We left Anacortes and our new slip at Cap Sante at 9:30 on the 24th. It was calm, and remarkably sunny. The journey out Guemes Channel is heavily tidal, and strong enough to be a significant help or hindrance. It ebbs going West and floods East. We had some help this morning with the ebb and then rode the eddies up the Cypress shoreline before hopping across toward Obstruction Pass. As we approached Blakely, eagle eyed Amy spotted a dorsal fin and sure enough, we had Orcas off the port side! A large adult, probably female, and a young calf. They were about 200 yards away and were having some fun, including a few leaps out of the water! What a spectacle. We took it as an omen for our first trip from Anacortes to Jones. It seems we always see special wildlife on any new trip.
Gorgeous clouding on Cypress Island

Monday, December 22, 2014

Reconnassaince yields discovery

The boys and I made the now easier trip to Aeolus this weekend for no particular reason other than my internal clock telling me it had been too long and the always present nagging desire in my gut to be on the boat, away, in the wilds. There were things to clean, things to fix, as always, but it was also just a chance to get away with my sons and enjoy the high quality time the boat provides.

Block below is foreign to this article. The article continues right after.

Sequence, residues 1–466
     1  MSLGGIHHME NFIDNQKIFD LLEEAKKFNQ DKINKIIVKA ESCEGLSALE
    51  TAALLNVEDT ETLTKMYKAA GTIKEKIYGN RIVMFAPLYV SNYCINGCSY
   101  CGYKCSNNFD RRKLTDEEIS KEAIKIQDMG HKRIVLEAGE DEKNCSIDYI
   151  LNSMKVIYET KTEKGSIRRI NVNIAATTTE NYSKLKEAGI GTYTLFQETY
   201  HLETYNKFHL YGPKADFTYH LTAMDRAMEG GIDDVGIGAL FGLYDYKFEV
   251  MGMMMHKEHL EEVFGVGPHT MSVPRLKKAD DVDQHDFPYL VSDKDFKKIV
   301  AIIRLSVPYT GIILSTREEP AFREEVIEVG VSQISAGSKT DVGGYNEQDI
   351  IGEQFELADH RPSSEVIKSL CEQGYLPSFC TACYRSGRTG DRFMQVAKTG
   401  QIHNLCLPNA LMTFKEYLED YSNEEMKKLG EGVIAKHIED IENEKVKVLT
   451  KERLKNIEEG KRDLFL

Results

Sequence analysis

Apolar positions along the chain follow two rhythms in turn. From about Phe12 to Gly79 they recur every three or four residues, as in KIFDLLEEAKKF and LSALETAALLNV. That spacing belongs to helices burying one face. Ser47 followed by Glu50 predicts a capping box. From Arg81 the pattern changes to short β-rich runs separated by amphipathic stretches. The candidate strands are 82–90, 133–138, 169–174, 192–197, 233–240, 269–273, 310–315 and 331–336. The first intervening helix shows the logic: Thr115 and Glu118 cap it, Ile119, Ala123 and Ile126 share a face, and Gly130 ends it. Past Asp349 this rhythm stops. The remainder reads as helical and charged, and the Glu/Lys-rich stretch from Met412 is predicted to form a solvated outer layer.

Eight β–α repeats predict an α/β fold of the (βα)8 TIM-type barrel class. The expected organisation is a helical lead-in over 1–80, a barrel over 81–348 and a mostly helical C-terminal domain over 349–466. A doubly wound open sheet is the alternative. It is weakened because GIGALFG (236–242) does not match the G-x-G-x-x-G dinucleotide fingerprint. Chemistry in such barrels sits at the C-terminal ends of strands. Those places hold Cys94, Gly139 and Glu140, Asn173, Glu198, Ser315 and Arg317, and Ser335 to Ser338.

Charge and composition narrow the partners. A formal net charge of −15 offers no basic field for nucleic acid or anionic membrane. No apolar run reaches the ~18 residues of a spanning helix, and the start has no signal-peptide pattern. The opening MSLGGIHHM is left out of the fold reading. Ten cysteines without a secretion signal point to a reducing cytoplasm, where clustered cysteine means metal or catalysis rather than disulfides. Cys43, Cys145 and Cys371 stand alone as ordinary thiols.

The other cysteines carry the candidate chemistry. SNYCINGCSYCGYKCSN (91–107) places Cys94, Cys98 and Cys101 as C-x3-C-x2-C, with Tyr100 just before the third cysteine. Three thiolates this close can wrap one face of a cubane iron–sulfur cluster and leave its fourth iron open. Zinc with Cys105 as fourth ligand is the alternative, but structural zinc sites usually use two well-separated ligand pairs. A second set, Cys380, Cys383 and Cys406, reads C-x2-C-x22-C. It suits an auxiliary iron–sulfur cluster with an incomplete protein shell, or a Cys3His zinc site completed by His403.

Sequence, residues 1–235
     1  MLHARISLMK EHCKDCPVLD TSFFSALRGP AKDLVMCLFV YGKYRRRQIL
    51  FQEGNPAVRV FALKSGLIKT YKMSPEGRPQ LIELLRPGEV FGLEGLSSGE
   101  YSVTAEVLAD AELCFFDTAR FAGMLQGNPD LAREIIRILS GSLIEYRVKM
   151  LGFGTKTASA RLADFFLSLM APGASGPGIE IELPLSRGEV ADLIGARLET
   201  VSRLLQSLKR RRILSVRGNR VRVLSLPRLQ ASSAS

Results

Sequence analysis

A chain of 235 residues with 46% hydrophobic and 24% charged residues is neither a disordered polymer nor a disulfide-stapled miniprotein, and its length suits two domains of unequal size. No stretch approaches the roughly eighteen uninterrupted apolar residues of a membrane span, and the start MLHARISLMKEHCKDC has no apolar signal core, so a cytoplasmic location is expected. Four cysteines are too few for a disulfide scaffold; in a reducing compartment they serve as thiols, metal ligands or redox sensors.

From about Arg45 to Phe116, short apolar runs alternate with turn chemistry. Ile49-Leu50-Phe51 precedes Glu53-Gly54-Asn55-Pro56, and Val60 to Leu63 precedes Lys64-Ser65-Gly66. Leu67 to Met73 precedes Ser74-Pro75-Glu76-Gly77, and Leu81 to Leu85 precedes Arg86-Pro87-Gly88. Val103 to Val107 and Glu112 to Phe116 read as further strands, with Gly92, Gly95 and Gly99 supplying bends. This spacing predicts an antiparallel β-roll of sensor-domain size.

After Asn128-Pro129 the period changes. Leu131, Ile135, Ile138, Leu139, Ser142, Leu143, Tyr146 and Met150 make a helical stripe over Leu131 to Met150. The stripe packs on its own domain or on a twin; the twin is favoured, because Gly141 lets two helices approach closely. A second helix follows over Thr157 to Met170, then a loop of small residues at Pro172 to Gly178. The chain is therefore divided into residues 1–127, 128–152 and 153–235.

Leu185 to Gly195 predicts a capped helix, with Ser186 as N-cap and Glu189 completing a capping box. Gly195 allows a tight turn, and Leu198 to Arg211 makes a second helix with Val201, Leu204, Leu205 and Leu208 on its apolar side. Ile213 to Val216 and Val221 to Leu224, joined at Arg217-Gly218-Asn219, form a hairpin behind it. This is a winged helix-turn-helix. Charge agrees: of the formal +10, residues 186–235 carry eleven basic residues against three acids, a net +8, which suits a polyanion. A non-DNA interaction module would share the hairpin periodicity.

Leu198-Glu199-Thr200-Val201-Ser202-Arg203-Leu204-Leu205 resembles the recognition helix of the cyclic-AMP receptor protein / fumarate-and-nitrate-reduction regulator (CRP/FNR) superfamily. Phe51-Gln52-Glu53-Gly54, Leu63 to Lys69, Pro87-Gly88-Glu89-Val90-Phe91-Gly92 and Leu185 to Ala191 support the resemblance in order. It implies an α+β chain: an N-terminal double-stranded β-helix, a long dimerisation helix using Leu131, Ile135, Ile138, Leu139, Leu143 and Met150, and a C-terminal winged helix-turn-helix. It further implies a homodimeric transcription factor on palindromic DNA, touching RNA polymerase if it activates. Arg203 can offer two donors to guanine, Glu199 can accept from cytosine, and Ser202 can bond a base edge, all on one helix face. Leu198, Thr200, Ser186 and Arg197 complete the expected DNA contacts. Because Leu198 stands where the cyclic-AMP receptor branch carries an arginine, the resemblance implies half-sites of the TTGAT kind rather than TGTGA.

When we got to Anacortes it was not yet as windy as had been forecast. As is often the case, the forecast was off by time or magnitude. Tough stuff to get right. I'm OK with that. The predicted 35 knot winds were a meek 10 until late in the day. So we got there during fairly calm conditions. I noticed right away that there was a problem.

Despite how complex our boats are, or houses, for that matter, we develop a very clear mental image of what "normal" looks like. It's uncanny. And unconscious. On Aeolus, I noticed a line laying in a place that it shouldn't. Then, I noticed that it had a frayed end. Then, I looked up and saw that my jib halyard wasn't there, and then gazing higher still, saw the remains of the halyard still hanging a few feet below the top of the mast.

"Well, crap!", the good father says.